It’s that time of the year.

2015 is almost over, and so will my Masters of Psychology course. It has been a long journey, though it feels rather surreal. When I started my study in psychology, I did not expect myself to be involved in the field for so long. Granted, there have been occasions where I have nearly given up, and I recall nights where I lay in bed not knowing what to do in the future. With the support of my family and friends, I was able to persevere on and here I am now.

It’s that time of the year where undergraduate psychology students are waiting for their final results and feeling anxious whether or not they would be able to continue into Fourth Year, or offered an interview into a postgraduate course. Some might have decided that this pathway is not for them, and moved to another field. I’m writing this post to give some advice to undergraduate students out there in the process of continuing (or even starting) your psychology studies. Although some facts in this post may be rather discouraging, it is not my intention to discourage anyone but rather provide an honest overview of studying psychology in Australia based on my personal experience.

Becoming a fully registered and qualified psychologist in Australia is not an easy pathway. You’ll need at least three APAC-accredited degrees, including a Bachelors degree (or Graduate Diploma in Psychology), an Honours degree (or Postgraduate Diploma in Psychology), and a postgraduate coursework degree (e.g., Masters by coursework, or Doctorate) which encompass a minimum total of 6 years of study before you can be registered as a psychologist. Another option of study which has been increasingly popular is the 5+1 or 4+2 pathway, which include 1 or 2 years of supervised practice in addition to 5 or 4 years of study. Click on this link to learn more about the pathways to registration as a psychologist.

Throughout your study experience, most of your friends will not share the same anxiety you get from worrying about whether your marks would be good enough to maintain your grades to get into Fourth Year/postgraduate course, and you’ll often hear “Don’t worry about it” or “Why are you worrying so much” when you express your concerns on your application for future studies. Unlike psychology’s compulsory 6 year pathway, a lot of other fields out there only offer these courses as an optional study, or when you feel like you want to learn more after your undergraduate degree. Don’t worry though — talk to someone who is applying to Fourth Year/postgraduate courses and you’ll realize there are others on the same boat as you.

That being said, getting into a Fourth Year/postgraduate course is very difficult. I’ll use the following statistic to illustrate the competitiveness:

Imagine there are 500 undergraduate students studying psychology in a particular university. Only 20–25% of those would get into a Fourth Year course (i.e., approx. 100-125 students in that batch). Out of those 100/125 students, only the top 20–25% of those students would get into a postgraduate course (i.e., approx. 20–30 students). In other words, the chances of you getting into a postgraduate course is 30/500 = 6%.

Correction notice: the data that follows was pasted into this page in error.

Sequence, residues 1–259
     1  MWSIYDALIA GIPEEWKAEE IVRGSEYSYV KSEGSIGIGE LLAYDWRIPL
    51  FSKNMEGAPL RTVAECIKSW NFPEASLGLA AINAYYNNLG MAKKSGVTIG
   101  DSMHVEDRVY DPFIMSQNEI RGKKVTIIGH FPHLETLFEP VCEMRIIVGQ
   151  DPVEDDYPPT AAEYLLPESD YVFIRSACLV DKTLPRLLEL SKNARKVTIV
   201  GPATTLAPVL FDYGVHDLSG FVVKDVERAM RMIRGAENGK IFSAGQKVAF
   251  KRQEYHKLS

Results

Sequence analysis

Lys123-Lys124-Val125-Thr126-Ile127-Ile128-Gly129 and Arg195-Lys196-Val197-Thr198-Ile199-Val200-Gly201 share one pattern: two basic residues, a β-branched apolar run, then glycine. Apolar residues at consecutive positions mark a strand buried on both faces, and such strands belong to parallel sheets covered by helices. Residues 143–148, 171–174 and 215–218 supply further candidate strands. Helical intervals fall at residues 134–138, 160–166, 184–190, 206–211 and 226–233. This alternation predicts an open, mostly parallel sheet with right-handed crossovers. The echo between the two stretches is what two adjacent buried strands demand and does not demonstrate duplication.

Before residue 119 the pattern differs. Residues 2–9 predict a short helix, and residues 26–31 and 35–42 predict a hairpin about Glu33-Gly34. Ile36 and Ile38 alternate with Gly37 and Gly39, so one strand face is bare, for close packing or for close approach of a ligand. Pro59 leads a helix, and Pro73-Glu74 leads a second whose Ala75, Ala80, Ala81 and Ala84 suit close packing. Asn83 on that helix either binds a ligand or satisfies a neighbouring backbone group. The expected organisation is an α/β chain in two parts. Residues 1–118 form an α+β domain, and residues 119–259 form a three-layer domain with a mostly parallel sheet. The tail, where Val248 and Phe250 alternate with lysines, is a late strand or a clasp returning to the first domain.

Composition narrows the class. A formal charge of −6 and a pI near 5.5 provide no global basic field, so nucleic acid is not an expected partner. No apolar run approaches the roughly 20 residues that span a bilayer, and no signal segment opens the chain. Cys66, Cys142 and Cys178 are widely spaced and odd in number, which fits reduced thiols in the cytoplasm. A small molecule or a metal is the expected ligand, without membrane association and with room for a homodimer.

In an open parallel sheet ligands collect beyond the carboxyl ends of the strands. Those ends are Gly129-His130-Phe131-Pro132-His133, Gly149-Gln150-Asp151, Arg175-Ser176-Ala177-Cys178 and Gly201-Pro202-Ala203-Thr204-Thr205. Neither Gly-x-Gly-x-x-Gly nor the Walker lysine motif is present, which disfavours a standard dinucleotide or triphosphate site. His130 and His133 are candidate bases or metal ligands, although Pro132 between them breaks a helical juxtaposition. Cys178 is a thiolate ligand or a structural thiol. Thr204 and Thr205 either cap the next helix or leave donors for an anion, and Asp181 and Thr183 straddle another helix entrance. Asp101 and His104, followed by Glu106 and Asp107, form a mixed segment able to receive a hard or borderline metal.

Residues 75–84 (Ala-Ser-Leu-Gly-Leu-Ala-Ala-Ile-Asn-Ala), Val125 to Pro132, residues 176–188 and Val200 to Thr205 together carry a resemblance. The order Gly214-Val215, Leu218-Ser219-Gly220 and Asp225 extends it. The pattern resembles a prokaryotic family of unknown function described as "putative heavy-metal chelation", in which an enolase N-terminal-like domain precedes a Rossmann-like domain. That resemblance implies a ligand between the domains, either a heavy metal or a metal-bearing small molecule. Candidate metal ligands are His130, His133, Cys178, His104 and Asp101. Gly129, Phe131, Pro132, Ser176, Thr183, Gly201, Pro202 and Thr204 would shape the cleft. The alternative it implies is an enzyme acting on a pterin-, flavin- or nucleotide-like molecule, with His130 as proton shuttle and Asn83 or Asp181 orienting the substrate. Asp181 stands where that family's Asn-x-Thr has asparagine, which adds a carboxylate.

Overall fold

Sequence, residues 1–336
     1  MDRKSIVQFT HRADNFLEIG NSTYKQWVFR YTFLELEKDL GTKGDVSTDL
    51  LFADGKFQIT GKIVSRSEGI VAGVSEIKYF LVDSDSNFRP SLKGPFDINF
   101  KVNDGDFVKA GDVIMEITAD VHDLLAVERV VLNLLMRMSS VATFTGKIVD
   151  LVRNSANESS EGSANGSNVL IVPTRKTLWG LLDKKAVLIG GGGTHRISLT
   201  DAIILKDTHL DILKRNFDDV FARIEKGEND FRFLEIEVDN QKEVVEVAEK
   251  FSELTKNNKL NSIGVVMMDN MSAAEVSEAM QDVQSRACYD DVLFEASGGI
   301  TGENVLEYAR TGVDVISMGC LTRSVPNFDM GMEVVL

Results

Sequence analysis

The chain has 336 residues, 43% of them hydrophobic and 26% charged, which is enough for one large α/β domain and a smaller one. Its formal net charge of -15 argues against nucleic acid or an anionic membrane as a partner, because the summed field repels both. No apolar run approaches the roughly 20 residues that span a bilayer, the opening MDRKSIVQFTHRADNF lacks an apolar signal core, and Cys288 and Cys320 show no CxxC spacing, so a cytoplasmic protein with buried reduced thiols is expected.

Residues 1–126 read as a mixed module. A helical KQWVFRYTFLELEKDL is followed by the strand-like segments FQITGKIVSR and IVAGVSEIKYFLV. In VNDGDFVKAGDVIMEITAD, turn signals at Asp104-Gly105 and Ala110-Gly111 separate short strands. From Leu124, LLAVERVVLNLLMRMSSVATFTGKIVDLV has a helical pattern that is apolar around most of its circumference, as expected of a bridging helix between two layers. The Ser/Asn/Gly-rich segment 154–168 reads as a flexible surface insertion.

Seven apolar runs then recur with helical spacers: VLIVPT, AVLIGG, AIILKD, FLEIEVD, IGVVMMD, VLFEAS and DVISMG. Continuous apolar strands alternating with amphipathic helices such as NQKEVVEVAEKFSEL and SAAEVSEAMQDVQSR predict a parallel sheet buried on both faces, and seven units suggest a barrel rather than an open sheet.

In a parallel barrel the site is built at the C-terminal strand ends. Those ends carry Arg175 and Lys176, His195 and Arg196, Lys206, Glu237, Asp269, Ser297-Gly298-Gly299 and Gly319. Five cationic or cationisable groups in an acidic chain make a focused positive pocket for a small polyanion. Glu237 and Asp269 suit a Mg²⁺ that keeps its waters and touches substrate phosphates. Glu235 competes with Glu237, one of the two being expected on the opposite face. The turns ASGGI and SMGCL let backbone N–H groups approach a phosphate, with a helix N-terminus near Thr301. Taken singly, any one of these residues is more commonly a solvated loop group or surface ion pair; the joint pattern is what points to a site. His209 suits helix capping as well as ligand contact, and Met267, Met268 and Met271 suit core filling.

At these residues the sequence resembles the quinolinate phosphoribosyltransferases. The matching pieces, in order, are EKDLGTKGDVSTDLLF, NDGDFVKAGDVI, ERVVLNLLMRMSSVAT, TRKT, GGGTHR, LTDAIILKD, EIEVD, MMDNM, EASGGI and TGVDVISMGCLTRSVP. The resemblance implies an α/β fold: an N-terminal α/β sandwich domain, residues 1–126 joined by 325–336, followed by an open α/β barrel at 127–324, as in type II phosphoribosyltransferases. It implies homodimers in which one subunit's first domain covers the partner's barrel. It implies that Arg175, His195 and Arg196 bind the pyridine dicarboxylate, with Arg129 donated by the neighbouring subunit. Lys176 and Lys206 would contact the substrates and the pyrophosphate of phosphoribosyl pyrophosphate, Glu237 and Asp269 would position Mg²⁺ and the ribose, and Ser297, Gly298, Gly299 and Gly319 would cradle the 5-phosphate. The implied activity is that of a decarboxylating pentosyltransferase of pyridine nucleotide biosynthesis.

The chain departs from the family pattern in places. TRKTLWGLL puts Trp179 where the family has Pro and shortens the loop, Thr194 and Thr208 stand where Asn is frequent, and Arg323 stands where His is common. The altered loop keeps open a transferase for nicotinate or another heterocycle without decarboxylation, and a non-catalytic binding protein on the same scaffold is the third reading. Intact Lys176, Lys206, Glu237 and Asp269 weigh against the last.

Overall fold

Take time to consider why you want to study psychology. This question will be asked in postgraduate course interviews (take note, applicants!). I’ve been told by my lecturers that one of their most commonly received response to this question is “I want to help people”, which they do not like. Think about what you learn in psychology: understanding people’s mental status, being more open and critical about new and existing ideas, or something more specific (e.g., wanting to know more about a particular psychopathology due to a personal experience).

In addition, you have no choice but to do statistics and research. It’s part of the scientist-practitioner model adopted by the field of psychology, which encourages (*cough*forces*cough*)students and practitioners to be aware and utilize findings from past research to inform their study and practice, and subsequently use their experience in practice to contribute further to research. While unfortunate, you would have to spend countless nights learning how to use statistical programs such as SPSS or trying to understand what the numbers in the results section of journal articles actually mean. You would also be required to at least be able to utilize these statistical programs and knowledge properly (and independently) as you have to write theses in your Fourth Year and postgraduate courses.

If you have not been deterred in studying psychology after reading my post — congratulations! I personally feel that psychology is a rewarding field of study, which is accurately captured in this article on Thought Catalog.

Everyone should be a Psych major because studying Psychology teaches you to not just tolerate, but to accept; to not just listen, but to understand. It teaches you that as complex as our brain is, our mind is just as convoluted. And that’s okay. — Nizza Regalado

Happy festive season, everybody.

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